They’d waked her in the house over three days. Mam’s face turned waxen. Her fingers went blue and stiff, then yellow and loose again. They threaded them with her milk-white rosary beads. Then they buried her. It was a drama, the whole village bowing, the men doffing their hats. There were processions and candles, solemn stares, prayers, and callers night and day. I’m sorry for your trouble, they’d say. A feed of drink was drunk. Shell didn’t cry. Not at first. Not until a whole year passed. Then she’d cried long and hard as she planted the grave up with daffodils on a November day, the first anniversary.

The less religious Shell got, the more Dad became. Before Mam died, he’d only ever gone through the motions, standing in the church’s back porch, muttering with the other men about the latest cattlemart or hurling match. Mam hadn’t minded. She’d joked that men fell into two categories: they were either ardent about God and indifferent to women, or ardent about women and indifferent to God. If she’d been alive now, she wouldn’t have known him. He was piety personified. He’d sold the television, saying it was a vehicle of the devil. He’d taken over Mam’s old role and led Shell, Jimmy and Trix in a decade of the rosary every night, except Wednesdays and Saturdays, when he went straight down to Stack’s pub after his day of collecting. He’d given up his job on Duggans’ farm. He said he was devoting his life to the Lord.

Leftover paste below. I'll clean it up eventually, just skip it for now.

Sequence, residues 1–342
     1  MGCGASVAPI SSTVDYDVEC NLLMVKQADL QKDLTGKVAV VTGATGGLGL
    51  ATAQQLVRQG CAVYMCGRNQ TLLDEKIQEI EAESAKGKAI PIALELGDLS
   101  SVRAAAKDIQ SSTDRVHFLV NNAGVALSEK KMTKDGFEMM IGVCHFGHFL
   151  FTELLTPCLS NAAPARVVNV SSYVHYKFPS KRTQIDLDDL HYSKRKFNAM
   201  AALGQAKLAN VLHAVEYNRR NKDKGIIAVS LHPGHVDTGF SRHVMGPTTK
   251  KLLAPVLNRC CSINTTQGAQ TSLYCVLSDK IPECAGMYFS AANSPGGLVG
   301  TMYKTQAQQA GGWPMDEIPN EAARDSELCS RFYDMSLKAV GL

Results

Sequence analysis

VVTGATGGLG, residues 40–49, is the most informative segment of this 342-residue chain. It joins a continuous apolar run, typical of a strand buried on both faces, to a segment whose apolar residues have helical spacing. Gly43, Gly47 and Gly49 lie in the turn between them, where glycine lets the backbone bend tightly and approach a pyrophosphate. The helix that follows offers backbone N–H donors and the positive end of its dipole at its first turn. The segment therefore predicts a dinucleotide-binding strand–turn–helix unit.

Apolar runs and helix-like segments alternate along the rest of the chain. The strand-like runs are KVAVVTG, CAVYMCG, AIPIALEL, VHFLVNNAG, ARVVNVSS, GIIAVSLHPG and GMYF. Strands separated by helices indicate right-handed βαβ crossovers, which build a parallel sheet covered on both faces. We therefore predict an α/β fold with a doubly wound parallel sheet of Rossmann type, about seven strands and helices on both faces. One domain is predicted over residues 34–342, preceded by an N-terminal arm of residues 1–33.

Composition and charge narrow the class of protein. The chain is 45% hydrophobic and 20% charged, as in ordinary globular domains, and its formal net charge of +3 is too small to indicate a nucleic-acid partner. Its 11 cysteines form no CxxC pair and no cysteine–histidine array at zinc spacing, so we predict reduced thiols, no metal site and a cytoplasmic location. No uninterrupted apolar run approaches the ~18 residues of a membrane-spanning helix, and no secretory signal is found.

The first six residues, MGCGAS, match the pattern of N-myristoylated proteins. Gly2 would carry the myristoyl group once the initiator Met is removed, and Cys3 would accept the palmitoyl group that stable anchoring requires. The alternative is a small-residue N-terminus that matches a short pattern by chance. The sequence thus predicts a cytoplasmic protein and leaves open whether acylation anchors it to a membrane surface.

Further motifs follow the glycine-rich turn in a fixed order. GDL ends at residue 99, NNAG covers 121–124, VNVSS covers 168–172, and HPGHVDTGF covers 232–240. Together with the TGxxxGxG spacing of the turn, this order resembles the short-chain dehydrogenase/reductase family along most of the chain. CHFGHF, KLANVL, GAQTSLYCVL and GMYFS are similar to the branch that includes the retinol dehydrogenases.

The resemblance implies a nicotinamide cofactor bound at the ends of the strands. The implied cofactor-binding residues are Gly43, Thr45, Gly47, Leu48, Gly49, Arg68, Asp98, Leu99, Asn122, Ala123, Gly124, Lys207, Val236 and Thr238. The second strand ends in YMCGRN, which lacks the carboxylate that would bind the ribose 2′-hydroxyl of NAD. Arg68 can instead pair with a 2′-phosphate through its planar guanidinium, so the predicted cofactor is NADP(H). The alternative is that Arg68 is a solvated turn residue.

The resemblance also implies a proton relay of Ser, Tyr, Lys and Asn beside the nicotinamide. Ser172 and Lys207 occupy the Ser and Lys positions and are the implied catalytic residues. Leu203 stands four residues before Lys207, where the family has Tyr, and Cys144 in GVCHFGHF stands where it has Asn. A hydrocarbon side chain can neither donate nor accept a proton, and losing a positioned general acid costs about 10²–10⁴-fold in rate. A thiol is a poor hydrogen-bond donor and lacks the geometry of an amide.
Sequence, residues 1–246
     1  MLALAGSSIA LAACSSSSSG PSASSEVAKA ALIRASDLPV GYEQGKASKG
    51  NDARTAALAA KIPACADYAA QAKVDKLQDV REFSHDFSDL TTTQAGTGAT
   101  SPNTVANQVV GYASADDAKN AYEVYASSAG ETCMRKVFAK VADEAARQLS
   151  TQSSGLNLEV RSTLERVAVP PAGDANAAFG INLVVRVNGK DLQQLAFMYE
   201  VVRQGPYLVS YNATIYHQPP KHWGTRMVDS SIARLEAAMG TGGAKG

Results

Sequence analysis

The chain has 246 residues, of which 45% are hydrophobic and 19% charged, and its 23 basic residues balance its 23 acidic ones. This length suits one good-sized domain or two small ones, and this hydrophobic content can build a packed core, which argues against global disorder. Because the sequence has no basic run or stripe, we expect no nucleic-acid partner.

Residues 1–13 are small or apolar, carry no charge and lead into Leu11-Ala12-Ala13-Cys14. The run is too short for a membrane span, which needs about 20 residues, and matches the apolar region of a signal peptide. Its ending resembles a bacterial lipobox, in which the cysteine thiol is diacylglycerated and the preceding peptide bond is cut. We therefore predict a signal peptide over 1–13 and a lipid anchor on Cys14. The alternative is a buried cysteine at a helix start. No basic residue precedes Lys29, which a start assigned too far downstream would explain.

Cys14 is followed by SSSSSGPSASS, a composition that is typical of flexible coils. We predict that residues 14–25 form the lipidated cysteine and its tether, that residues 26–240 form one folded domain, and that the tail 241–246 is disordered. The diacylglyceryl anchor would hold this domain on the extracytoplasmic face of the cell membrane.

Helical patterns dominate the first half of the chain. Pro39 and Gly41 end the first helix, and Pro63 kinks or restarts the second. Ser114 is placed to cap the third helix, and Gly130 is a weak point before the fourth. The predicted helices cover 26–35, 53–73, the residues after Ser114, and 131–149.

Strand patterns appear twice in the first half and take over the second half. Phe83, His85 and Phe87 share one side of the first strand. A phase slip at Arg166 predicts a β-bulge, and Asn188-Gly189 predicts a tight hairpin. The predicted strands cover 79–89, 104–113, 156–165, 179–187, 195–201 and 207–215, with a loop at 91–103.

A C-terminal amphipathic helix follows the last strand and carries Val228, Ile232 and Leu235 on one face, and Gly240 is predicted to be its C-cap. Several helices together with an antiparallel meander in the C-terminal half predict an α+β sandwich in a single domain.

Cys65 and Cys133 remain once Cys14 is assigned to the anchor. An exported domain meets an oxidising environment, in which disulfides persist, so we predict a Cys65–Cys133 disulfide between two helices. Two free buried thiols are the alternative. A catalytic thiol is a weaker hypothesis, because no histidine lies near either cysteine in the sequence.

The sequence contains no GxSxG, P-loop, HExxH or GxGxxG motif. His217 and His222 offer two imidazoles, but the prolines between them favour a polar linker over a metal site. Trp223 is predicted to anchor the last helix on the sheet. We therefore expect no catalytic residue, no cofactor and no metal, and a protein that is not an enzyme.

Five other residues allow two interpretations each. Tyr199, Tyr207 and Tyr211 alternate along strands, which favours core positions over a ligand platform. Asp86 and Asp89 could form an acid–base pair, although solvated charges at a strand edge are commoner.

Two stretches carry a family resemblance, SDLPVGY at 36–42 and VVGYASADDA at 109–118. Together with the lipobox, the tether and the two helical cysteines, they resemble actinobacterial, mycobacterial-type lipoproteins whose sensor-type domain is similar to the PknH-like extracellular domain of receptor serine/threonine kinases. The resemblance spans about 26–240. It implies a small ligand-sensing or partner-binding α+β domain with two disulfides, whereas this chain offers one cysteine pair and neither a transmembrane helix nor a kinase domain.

Today, he was almost yelling. Avenging angels, crashing temples and false gods resounded in the small church, hurting the ear. Mrs McGrath’s hat slid off when the shock of the word thunder set the microphone off in a high-pitched whine. Dad’s eyes flickered. He was momentarily distracted. He looked up at the congregation, staring into the middle distance, seeing nobody. He clenched the lectern’s sides. Shell held her breath. Had he lost his place? No. He continued, but the steam had gone out of it. Jimmy punched the bench, making it boom, just as Dad faltered to the end.

‘This – is – the – word – of – the – Lord,’ he trailed.